This page focuses on the adverse effects of work on health, even though the positive effects of appropriate work on health and well-being are no less important.
Every year about 10 million of the 150 million workers in the European Community are affected by incidents, "accidents" or diseases at work. Direct compensation costs are estimated at 20 billion ECU per year.
In the UK data on medically reported incidence of occupational disease and work-related illhealth is collected from occupational physicians (OPRA), General Practitioners (THOR-GP) and other doctors participating in the THOR network.
According to UK official statistics, every year about 2,000 lives are lost through occupational disease or injury, about 20,000 major industrial injuries occur (e.g. skull fracture, loss of sight) and there are about 200,000 injuries resulting in a work disability of 3 days or more. These figures are gross underestimates of the true incidence of occupational ill-health. Thus for example the "true" figure of occupational cancer deaths alone in the U.K. may be to the order of 5,000 per year. While only about 300 workers receive disablement benefit for industrial dermatitis every year, there may be between 15,000 and 60,000 new cases of this condition every year.
Extrapolation from the UK Labour Force Survey suggest that in a year at least one million people believed they had ill health caused by work and a further million believed they had ill health made worse by work. Explore this further.
Hazard is the potential to cause harm. Risk is
a measure of the likelihoodof a specified harmful effect in specified circumstances.
It is important to distinguish between hazard and risk.
Hazards in the workplace include the following:-
Various aspects of work organisation may be stressors.
|The responsibilities of the employer mainly stem from legislation
such as the Health and Safety at Work etc. Act (1974) but other more recent
UK and European Union legislation is very important in managing Healthand
Safety at work. These include the Management of Health and Safety atWork
Regulations, Control of Substances Hazardous to Health Regulations,Manual
Handling Operations Regulations, Personal Protective Equipment atWork Regulations,
and various others.
The image on the left shows a worker, protected from a chemical exposure
contained within a reaction vessel, provided with local exhaust ventilationat
the orifice of the vessel, designed so as to suck away any gases orvapours
as they emanate from the vessel. In addition, he is wearing personal protective
equipment consisting of an airhood supplied by piped breathing air, as
well as rubber gloves, safety shoes and other skin protection.In his case
there are therefore several lines of defence to protect him from exposure.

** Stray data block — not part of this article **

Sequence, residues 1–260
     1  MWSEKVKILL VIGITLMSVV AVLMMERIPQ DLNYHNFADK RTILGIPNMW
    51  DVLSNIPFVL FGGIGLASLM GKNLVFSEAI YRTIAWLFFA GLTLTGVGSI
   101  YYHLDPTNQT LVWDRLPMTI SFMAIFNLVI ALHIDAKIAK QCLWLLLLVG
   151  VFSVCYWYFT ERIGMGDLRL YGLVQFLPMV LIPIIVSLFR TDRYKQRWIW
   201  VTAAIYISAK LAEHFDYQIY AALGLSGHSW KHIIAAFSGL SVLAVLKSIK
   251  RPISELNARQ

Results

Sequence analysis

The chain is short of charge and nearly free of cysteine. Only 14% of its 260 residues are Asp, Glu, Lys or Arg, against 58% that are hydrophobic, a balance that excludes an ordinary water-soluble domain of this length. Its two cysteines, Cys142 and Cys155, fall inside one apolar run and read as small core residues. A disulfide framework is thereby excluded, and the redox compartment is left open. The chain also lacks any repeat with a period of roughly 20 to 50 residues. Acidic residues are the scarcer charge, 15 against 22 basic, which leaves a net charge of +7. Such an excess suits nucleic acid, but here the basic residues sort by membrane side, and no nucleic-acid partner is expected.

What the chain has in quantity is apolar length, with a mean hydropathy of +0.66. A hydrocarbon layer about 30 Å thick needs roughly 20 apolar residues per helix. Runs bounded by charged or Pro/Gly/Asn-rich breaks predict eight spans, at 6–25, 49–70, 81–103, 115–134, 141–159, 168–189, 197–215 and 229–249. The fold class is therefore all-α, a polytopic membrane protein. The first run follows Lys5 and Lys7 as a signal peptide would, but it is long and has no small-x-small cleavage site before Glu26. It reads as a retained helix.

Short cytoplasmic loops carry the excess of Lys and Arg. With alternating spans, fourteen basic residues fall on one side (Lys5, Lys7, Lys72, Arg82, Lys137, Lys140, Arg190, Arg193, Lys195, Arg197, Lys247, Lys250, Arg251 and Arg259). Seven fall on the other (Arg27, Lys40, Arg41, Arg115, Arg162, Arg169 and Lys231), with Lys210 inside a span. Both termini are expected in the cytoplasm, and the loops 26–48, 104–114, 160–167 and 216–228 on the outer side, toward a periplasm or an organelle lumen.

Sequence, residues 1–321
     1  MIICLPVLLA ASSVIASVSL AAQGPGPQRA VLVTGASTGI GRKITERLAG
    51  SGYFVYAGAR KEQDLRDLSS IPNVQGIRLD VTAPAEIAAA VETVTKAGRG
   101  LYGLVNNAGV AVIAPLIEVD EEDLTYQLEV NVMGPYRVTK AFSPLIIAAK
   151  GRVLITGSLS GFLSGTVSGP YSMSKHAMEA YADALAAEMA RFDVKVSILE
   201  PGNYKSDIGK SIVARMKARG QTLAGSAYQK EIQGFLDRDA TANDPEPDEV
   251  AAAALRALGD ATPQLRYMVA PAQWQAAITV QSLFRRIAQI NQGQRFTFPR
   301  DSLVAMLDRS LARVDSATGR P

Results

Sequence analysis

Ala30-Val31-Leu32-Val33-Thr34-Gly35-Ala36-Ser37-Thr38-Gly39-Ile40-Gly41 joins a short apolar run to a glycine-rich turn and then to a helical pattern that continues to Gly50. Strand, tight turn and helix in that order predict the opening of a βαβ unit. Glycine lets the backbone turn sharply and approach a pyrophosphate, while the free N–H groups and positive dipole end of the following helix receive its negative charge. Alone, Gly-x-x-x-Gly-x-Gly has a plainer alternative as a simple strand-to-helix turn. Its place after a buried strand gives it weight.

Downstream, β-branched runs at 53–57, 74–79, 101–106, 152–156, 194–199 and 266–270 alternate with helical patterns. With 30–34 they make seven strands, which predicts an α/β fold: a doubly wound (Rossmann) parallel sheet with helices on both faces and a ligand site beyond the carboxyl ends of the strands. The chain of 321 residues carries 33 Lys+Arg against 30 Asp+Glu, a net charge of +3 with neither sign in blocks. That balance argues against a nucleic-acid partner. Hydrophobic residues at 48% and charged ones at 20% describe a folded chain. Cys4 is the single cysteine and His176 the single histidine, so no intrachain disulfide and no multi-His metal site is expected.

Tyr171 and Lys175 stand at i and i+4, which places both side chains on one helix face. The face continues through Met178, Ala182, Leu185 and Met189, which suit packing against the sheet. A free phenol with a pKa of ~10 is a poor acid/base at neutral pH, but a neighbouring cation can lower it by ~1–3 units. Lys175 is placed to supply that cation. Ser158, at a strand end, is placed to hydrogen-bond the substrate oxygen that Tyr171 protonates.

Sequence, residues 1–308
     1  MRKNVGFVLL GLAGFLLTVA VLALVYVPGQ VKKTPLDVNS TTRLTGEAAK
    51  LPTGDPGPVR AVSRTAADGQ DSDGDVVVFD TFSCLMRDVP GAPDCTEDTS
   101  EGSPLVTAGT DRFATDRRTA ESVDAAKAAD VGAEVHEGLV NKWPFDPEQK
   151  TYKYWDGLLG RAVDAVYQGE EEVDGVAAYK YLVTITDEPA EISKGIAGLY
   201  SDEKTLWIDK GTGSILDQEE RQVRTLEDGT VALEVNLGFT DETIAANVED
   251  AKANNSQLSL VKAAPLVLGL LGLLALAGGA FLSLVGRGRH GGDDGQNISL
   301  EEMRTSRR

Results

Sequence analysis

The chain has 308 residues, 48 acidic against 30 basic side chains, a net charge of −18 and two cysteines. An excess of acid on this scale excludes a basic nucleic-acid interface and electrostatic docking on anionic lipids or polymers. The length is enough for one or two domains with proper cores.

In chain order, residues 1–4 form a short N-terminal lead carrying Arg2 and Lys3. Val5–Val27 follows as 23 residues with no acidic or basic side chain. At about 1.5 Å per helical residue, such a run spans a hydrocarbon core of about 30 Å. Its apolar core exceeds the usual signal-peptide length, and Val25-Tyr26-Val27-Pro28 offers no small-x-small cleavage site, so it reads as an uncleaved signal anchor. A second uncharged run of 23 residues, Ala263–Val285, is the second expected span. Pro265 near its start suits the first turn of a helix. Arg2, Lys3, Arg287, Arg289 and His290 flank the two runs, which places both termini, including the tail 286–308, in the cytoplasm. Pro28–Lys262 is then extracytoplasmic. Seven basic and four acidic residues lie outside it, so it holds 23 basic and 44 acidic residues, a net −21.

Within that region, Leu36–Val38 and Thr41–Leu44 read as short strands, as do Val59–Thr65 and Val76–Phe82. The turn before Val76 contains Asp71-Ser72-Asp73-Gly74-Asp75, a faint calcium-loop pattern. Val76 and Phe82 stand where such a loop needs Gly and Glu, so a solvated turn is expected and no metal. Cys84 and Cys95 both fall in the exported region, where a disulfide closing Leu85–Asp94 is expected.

Assessment Of Health Risks Created By Work
Prevention or Control of Risks
Monitoring and Evaluation
Consultation, Information, Imstruction & TrainingSadly, not all information or instruction is useful and appropriate. Information alone is not a substitute for reasonable risk reduction strategies. Consider the image below, for example.
Would you consider that advising workers not to inhale blue asbestos is a reasonable way of protecting their health, and preventing ill-health?
Incidentally - this sign was attached to the boilerhouse of a National Health Service hospital in Britain, and the photo was taken in the early1980's. With attitudes such as those illustrated by the photo, it is no surprise that hundreds of workers are sadly still dying every year from mesothelioma caused by occupational exposure to asbestos several years previously, and the number is set to continue rising, before it eventually falls.
Record Keeping, and ReportingThese are requirements of several regulations, and are essential meansof assessing the adequacy of risk reduction measures and of identifying previously unrecognised hazards.
history is often very important
in identifying relevant exposures and linking them
to ill-health. The concept of "cumulative exposure" i.e. a quantitative
measure of the intensity of exposure and the duration of exposure is important,
since generally itis the main determinant of risk. Health may be harmed
by occupational exposures in many different ways, and practically any organ
system can be affected.
Some examples follow - (starting with the lungs and skin, the organs of first contact for most chemical occupational exposures):-
Genitourinary and endocrine
In the Great Britain the Employment Medical Advisory Service of the Health and Safety Executive employs medical doctors who should be available to advise workers or their general practitioners.
Some National Health Service Trusts also offer this facility to patients referred by their general practitioners:
A separate page provides more information about the control of risks to health from work.